Oh man! Has he done it now! Neither rain, nor snow, nor death of the night, can keep him from his duty. Hogwash! Welcome to the horribly late review of the Type Directors Clubs’ Typography 8, 1987.

Obviously any talk of how relevant and cutting edge this modern design is can be thrown out the window because of my delivery custodian, so don’t get on my case about it—actually, please do. It’ll be 20 years before my mailman gets your letters to me anyway, so do your worst, world! Do. Your. Worst.

Alright, now that I’ve had my iced-tea and a light snack, I feel a little better. A little calmer. So it was a little late, what’s the big deal? Not as if it was a kidney, and I can still do a nice little write up on this gem, can’t I?

When flipping through the pages of any publication from this time, especially an annual, I get an odd feeling of nostalgia. The work that fills the pages reminds of me of the television shows I watched as a kid. When you compare the work found in this book to, say, Typography 27, it’s easy to see whats changed, what’s the same and what was obviously done in a fit of the-kids-will-love-it.The most comforting thing I found was, what was well crafted design then has held up amazingly well now. Which gives one the hope that if you put the right amount of effort, thought and enough of your soul into a piece of work you do now, you and others will still look at it and smile in two-decades time.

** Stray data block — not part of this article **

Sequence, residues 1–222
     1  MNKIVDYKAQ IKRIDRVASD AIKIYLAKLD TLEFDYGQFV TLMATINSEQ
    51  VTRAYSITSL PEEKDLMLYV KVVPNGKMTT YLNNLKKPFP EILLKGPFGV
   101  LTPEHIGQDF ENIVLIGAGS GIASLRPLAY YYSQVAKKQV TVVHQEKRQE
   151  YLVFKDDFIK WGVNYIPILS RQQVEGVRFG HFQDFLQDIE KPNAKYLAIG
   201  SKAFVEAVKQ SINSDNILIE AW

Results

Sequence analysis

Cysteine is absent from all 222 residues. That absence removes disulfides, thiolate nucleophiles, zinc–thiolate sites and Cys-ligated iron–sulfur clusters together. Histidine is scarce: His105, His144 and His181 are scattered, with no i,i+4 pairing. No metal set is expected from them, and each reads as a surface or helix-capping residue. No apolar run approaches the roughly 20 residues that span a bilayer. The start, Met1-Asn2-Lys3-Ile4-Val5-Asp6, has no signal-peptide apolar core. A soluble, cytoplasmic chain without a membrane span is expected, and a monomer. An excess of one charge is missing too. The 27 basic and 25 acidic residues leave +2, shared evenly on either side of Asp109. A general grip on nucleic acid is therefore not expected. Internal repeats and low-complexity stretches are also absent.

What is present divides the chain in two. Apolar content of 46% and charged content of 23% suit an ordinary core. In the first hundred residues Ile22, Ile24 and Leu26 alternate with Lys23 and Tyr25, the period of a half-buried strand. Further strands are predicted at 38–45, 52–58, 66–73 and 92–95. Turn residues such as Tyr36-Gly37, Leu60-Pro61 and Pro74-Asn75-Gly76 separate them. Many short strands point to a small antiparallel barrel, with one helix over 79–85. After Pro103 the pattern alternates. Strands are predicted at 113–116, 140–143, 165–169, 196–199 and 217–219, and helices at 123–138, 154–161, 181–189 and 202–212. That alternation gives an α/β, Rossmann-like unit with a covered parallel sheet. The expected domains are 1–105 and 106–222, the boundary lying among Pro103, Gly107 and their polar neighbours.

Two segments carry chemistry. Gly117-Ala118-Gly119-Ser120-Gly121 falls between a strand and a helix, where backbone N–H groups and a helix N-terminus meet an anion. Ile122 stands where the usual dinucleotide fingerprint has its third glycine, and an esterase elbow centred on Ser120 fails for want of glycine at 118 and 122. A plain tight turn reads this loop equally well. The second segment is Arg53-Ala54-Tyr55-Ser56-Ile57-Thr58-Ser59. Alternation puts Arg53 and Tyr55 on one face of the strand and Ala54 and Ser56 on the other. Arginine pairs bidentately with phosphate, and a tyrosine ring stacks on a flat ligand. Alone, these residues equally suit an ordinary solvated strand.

Oohhh the colour!

Let us start with the colour. Oohhh the colour! Such calming colour! Looking at some of the work in this book, you’ll be easily forgiven for thinking there was a colour prohibition recently lifted on pastels. Soft blues, soft pinks, soft yellows and soft purples all come out to play, and what a night they have! They drunkenly dance upon the skin of type and shapes across the dance floor that is the page, in an uncommon display of divergence among brothers of letters and shapes. A single world may contain three to four colours, one per letter. Or a sentence may have each of its words a different colour, which I’m sure was all in an attempt (marketing? finance? client?) to make the job really pop.